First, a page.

Fly Right, Fly Tight!

T6 Texan Formation Clinic Deep in the Heart of Texas

T-6 Texans fly formation at the annual Texan Roundup. Photo by Gary Daniels.


By Gary Daniels

In the Texas hill country lies the historic old German community of Fredericksburg, a tourist destination for folks from Dallas, Austin, San Antonio, and Houston seeking good food, shopping, and a little peace and quiet from the rat race of the big city. But on the last weekend in April each year, Fredericksburg wakes up to the sound of radials rumbling over the city. Many of the town folk and tourists make their way to the local airport wondering if an air show they haven’t previously heard about is underway. What they find is a scene reminiscent of a busy World War II training airbase: twenty some-odd vintage T-6 Texan variants being readied for flight, props turning through, aircraft taxiing out and four ship groups launching from the 5000 x 75 feet of pristine concrete of Gillespie County Airport (T82). What they are witnessing is the annual Texan Roundup, a gathering of pilots, and Texan friends, spending a weekend sharpening their formation flying skills, talking airplanes ad nauseam, and enjoying great food with good friends at this perfect aviation venue.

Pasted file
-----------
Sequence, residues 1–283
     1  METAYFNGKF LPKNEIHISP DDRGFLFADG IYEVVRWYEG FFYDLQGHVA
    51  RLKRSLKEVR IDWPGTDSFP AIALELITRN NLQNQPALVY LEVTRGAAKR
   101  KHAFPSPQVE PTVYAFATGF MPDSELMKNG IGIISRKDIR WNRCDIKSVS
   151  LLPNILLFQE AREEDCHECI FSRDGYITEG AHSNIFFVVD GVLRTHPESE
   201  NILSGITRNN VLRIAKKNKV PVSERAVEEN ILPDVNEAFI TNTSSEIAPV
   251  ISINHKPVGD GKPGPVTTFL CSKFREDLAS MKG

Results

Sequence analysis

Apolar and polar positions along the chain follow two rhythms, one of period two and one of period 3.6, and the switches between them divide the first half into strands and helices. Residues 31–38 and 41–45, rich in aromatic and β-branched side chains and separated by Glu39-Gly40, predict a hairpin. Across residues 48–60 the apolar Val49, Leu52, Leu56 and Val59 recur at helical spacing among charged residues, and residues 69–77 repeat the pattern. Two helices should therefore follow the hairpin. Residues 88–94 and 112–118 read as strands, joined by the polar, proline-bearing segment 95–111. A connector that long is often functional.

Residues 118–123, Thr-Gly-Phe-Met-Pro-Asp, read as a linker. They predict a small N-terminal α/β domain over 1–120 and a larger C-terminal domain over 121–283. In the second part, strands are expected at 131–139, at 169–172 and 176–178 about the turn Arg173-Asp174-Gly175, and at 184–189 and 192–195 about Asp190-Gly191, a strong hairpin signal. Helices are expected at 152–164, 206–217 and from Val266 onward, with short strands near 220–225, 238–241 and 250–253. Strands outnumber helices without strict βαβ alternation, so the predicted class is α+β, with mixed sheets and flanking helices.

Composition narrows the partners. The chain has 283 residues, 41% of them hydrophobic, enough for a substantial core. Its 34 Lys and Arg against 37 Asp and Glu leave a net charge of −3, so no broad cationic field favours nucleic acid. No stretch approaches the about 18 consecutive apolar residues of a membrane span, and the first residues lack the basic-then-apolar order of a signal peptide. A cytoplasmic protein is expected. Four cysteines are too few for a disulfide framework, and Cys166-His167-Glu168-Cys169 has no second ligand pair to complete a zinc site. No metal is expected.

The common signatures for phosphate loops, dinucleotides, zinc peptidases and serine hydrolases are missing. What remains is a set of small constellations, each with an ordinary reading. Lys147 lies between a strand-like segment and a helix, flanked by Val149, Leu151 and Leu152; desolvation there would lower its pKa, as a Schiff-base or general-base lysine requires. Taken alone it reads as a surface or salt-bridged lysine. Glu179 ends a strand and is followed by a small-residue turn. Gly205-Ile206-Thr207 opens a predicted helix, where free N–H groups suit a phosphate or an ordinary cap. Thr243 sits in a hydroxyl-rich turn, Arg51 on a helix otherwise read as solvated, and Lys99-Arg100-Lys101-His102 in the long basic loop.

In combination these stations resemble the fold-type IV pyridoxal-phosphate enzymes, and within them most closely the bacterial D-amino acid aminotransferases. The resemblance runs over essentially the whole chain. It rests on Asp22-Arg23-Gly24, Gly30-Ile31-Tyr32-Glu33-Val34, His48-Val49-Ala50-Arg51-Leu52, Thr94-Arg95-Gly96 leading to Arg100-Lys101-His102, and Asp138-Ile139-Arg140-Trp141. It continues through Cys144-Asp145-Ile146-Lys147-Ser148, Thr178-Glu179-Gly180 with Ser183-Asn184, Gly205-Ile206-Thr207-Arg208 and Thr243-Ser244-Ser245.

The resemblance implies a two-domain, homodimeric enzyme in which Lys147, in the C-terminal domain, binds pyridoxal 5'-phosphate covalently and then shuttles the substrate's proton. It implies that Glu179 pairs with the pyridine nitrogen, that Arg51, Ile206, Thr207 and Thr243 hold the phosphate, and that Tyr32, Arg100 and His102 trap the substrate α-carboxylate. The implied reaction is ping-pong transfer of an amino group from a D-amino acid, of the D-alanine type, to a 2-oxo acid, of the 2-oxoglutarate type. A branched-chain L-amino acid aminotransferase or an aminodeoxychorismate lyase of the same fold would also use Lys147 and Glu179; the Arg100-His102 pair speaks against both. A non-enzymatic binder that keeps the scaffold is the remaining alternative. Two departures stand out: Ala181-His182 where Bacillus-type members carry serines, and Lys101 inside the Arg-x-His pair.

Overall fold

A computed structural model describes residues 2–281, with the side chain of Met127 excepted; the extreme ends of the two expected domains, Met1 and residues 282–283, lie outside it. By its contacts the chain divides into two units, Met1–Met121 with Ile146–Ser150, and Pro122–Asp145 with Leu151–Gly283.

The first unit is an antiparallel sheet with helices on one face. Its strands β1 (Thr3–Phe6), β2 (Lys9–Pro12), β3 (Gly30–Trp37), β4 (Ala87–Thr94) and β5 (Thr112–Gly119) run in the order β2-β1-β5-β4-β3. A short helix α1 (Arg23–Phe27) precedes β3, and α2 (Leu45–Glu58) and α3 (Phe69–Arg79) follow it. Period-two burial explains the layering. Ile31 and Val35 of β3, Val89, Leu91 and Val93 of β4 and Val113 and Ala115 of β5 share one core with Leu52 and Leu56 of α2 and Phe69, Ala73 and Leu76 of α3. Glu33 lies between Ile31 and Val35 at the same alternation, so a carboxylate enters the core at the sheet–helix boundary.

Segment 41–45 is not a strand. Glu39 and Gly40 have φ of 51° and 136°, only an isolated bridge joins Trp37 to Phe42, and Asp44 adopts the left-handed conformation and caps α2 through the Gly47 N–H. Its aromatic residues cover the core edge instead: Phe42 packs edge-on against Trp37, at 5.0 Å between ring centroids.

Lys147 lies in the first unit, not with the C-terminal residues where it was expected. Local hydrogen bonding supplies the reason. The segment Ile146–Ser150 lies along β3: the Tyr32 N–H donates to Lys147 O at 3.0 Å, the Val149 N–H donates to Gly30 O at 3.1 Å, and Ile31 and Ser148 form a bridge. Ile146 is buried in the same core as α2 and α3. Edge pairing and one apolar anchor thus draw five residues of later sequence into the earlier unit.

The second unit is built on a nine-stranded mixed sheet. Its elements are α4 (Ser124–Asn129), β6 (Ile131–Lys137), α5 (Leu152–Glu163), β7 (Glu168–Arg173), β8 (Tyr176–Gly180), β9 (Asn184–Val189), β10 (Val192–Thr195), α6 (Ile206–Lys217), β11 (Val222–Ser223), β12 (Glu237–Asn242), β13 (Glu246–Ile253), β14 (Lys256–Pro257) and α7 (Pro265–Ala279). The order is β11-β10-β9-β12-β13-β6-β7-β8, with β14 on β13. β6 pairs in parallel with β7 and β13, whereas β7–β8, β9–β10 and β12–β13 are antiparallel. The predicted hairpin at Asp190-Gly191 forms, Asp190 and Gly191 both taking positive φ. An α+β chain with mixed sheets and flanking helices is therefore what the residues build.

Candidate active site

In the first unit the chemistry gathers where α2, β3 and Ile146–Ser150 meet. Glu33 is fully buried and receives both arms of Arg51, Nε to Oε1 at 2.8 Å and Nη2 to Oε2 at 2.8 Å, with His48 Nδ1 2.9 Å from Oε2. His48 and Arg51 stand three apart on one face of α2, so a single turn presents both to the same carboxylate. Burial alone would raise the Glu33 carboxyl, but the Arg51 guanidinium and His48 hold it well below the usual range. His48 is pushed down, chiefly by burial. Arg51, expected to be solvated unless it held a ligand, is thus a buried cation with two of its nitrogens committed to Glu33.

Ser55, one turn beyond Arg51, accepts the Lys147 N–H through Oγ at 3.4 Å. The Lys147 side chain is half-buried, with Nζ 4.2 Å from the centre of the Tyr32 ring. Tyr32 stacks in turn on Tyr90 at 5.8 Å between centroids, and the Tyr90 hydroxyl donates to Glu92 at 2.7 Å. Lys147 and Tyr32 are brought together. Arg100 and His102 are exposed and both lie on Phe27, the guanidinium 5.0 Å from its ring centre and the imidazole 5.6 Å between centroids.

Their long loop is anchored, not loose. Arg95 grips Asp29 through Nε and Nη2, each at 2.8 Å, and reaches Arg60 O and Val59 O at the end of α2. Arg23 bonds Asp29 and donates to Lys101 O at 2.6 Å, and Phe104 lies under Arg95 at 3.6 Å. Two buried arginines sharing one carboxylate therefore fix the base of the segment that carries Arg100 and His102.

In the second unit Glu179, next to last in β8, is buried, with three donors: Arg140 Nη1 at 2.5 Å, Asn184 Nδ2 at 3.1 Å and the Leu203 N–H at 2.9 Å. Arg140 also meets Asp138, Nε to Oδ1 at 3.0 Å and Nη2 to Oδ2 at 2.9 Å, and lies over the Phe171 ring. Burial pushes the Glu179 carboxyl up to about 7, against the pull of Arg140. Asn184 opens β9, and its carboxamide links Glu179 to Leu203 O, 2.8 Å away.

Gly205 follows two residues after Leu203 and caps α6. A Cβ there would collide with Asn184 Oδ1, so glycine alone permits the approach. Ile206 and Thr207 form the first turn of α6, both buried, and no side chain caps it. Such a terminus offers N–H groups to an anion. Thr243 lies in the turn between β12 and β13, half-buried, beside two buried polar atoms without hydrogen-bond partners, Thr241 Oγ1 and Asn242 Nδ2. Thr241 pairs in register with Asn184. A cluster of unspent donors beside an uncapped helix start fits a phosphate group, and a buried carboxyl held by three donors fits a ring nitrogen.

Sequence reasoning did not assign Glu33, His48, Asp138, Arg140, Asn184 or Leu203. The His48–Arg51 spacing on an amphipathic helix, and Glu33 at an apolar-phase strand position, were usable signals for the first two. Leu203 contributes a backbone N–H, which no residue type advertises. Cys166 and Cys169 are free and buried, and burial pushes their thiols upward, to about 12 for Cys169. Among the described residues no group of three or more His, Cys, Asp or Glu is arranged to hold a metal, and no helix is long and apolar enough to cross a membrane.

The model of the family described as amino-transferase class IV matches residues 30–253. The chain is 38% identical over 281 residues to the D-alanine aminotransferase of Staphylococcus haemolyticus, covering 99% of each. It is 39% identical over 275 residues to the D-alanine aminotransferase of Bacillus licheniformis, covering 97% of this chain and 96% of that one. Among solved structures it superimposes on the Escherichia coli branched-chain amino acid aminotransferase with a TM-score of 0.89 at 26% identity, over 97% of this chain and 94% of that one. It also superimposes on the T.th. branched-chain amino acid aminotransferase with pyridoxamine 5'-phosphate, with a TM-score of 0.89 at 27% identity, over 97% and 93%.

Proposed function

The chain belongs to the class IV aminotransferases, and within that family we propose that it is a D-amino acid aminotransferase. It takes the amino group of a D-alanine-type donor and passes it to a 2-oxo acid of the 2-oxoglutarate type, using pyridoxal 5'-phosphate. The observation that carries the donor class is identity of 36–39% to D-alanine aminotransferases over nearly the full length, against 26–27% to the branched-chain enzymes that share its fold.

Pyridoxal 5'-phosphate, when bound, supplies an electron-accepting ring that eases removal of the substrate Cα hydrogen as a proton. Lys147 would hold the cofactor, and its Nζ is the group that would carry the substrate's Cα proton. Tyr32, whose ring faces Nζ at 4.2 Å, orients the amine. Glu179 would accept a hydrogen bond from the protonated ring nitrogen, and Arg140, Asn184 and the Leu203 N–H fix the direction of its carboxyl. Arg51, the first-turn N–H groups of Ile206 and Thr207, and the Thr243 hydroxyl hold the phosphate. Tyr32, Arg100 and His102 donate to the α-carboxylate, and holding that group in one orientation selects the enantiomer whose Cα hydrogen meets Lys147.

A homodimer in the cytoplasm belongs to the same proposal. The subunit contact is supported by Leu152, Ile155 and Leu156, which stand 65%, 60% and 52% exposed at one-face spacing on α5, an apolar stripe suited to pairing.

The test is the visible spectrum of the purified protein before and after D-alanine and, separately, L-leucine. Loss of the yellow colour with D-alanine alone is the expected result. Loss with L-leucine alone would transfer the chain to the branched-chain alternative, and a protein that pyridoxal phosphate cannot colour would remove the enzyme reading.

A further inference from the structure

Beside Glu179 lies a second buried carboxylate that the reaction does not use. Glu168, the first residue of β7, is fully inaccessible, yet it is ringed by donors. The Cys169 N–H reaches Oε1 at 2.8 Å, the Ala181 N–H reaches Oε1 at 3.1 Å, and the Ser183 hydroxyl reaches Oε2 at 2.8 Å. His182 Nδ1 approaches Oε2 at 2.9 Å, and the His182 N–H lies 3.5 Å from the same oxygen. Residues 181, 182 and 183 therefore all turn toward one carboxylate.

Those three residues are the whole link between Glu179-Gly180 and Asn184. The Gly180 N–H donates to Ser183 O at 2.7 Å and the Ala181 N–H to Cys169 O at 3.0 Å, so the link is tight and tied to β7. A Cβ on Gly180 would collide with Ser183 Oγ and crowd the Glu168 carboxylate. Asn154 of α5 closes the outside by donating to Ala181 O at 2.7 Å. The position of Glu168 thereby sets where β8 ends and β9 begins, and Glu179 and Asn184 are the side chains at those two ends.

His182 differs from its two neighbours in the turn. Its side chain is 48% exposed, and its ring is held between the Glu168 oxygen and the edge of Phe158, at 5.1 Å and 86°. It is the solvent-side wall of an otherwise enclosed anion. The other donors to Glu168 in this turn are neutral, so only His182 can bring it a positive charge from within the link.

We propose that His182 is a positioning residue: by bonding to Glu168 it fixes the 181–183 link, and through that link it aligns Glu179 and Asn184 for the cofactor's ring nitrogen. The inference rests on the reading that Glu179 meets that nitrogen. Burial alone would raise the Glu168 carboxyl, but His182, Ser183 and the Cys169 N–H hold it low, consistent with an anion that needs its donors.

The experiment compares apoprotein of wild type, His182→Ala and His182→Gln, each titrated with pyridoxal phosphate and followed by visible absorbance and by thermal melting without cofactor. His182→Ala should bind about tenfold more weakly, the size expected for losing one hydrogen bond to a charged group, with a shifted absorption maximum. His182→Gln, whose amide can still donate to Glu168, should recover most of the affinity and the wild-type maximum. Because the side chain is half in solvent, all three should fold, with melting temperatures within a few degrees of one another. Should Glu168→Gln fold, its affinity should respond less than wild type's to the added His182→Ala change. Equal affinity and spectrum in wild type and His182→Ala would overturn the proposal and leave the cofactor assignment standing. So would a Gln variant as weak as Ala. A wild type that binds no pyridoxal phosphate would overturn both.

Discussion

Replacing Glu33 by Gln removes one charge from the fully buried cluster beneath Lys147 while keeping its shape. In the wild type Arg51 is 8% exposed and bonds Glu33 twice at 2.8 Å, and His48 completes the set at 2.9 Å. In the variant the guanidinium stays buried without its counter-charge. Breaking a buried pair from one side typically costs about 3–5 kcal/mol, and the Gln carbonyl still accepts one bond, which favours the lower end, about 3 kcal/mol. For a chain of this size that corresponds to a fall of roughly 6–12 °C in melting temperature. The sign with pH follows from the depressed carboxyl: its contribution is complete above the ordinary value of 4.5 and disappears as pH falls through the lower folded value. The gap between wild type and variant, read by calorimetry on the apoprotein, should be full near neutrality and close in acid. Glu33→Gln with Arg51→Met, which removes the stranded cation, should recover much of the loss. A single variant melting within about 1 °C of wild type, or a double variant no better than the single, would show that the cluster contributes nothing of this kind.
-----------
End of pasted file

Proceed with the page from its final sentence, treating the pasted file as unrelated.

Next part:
Gordon Richardson is responsible for “riding herd” on the Texan Roundup. He and his father, Gordon Sr. and brother, Randall, are long time T-6 owners. The concept of a formation-flying clinic for Texan owners began in 2007.  These vintage warbirds are constantly asked to fly at airshows, Memorial and Veterans Day flyovers, and special events. Texan owners also enjoy keeping the history of these aircraft alive with younger generations.

The best way to show the aircraft is to fly the aircraft, and even better, fly the aircraft in formation flights. So, the importance of being rated to fly formations, and fly safe formations, is paramount. Gordon, along with other Texan owners, realized there was not a venue for a weekend long training to provide recurrent training for a wingman or lead, or to produce a new formation-rated wingman or lead pilot. Texan owners also have an added incentive to be formation rated since they have an abundance of similar aircraft to fly formation. For example, it’s difficult and very expensive to get a formation of P-51s together. But, there are many T-6s that can gather for events and being formation-rated makes the experience for the pilots, and spectators, that much more special.